Cardiovascular Disease

Heart Health Uncovered: Are Men More Likely to Develop Heart Disease?


Zoe Miller, BSc, MD, MBChB
April 4, 2024
Take-home points
  • In 2019, coronary heart disease claimed at least 5 million men's lives worldwide, surpassing all other disease-related fatalities, including those of women at 4.2 million.
  • Men exhibit a higher susceptibility to heart disease, particularly coronary heart disease, with statistics indicating a 5x greater likelihood of fatality compared to women in certain regions, and an earlier onset by 7-10 years.
  • Lifestyle factors such as diet, alcohol consumption, and smoking contribute significantly to the increased risk of heart disease in men, emphasising the importance of adopting healthier habits and seeking regular medical monitoring to mitigate these risks.
  • Lifestyle changes including exercise and diet, in addition to medication are established methods to treat or reverse heart disease.
  • Visit your healthcare professional if you are concerned about any health symptoms you may have.

In 2019, at least 5 million men died of coronary heart disease (the most common type of heart disease) around the world.1 That’s more deaths than from any other type of disease, but it’s also more than the number of women dying from coronary heart disease, which was 4.2 million. Why does heart disease affect men more commonly? Are men more likely to suffer from all types of heart disease? In this article, we’ll discuss the impact heart disease has on men specifically.

What is heart disease?

Heart disease covers a variety of diseases affecting the heart and blood vessels. Broadly speaking, heart disease can affect the blood vessels going to and from the heart, the rhythm of how the heart beats, and the structure of the heart (including the muscles and valves).

Coronary heart disease is the most common type of heart disease. This is when the blood vessels supplying your heart become blocked, stopping enough blood getting to the heart. If blood flow to the heart is reduced due to coronary heart disease, the heart can’t get enough nutrients to pump effectively. This can lead to angina – chest pain caused by poor blood flow.  If the blood flow gets worse suddenly and some of the heart’s arteries become completely blocked, this can lead to a heart attack. The seriousness of a heart attack depends on how much of the heart is affected, and whether the arteries can be unblocked.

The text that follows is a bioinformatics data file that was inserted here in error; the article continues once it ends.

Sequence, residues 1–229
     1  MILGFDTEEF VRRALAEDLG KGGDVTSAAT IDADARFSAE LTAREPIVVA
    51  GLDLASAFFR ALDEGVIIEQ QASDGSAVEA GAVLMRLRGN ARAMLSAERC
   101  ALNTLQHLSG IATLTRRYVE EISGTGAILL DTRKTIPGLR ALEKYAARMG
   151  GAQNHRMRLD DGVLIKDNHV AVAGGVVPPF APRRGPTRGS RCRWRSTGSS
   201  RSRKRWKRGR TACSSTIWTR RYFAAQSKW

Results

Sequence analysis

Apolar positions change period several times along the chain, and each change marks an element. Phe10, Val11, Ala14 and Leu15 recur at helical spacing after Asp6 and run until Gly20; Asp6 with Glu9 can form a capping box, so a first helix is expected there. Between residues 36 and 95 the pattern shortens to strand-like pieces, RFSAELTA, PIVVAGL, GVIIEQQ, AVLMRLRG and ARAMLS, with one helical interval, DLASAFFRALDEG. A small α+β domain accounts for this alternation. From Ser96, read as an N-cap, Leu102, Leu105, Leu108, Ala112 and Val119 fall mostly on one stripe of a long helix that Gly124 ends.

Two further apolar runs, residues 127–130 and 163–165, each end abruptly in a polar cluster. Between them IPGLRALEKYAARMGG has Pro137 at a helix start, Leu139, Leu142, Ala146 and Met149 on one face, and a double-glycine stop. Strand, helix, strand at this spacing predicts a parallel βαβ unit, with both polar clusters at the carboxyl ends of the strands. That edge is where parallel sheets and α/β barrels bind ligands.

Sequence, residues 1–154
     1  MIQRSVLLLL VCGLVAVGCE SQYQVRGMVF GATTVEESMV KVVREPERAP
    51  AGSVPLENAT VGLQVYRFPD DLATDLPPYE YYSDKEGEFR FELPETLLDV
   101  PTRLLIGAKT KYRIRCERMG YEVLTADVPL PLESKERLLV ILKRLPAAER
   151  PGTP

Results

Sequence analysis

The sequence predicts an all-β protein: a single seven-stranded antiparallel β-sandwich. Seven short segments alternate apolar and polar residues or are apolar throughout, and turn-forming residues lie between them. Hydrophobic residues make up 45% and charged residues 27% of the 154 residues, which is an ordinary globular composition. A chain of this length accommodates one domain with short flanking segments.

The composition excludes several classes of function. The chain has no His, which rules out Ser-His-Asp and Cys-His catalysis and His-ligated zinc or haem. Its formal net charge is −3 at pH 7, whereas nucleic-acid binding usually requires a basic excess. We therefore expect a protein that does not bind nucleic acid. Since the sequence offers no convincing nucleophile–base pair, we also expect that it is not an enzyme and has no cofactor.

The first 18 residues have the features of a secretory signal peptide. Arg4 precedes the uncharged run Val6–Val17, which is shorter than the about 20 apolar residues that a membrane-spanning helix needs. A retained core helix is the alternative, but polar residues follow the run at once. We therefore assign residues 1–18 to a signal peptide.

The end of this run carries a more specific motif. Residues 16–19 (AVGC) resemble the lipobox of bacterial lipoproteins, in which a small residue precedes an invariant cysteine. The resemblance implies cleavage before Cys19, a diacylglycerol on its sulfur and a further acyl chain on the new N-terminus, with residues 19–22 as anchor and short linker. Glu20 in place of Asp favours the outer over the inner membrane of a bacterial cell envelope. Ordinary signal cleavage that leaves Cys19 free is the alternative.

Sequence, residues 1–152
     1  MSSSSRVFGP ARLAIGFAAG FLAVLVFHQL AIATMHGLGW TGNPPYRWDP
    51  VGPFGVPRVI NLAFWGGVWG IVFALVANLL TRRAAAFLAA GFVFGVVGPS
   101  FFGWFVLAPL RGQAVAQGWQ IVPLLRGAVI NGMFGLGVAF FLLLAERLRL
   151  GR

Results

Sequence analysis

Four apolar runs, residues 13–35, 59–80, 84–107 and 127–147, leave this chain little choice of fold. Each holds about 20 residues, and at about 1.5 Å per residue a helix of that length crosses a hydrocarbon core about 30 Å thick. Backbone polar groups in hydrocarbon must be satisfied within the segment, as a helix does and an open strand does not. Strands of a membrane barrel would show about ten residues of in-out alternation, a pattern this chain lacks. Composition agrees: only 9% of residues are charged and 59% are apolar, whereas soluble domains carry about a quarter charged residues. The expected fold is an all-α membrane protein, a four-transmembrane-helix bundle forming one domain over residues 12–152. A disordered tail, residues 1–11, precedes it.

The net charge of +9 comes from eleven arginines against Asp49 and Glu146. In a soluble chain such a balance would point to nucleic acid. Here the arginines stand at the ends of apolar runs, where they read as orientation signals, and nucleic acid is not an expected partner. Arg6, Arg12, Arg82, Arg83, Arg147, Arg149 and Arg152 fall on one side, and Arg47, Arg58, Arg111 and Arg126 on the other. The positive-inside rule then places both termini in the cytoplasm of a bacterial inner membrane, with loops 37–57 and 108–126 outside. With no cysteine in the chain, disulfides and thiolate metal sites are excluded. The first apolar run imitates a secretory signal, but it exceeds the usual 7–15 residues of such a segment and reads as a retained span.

If areas of the heart continue to receive poor blood flow, this can lead to permanent damage. When damaged, the heart isn’t able to pump as effectively, leading to heart failure.2

Gender differences in heart disease

As we’ve mentioned, more men die from coronary heart disease than women. In the UK, 1 in 8 men die from coronary heart disease.3 In some countries, men are 5x more likely than women to die of this type of heart disease.4 Men also tend to develop heart disease 7-10 years earlier than women.5 This may be because women are protected by high oestrogen levels before they reach menopause.6 However, it’s not just coronary heart disease that occurs earlier in men. Atrial fibrillation, a condition where the heart beats irregularly, also develops 10 years earlier in men, on average.7 Interestingly, despite often having lower rates of heart disease, women are more likely to have worse outcomes.8  

Let’s talk about why these differences exist in more detail.

Why are men more likely to develop heart disease?

To understand men’s higher risk of heart disease, we need to talk about what causes it. As we discussed earlier, poor blood supply to heart is the most common cause of heart disease. Poor blood supply is often due to the arteries becoming “clogged up” in a process known as atherosclerosis.

Diet, smoking, and alcohol use are all factors that contribute to this process that affect men more often than women.  


A diet high in saturated fat, cholesterol, and salt can increase the risk of heart disease.9 Men tend to eat more red and processed meats, which are associated with an increased risk of heart disease, and fewer fruits and vegetables.10 Men also eat more salt than women – some research suggest up to 28% more.11


Men tend to drink alcohol more often and in larger amounts than women, which is also linked to a higher risk of heart disease.12 Alcohol can increase blood pressure, which puts a strain on the heart. In large amounts over a prolonged period, alcohol can also directly damage the heart muscle.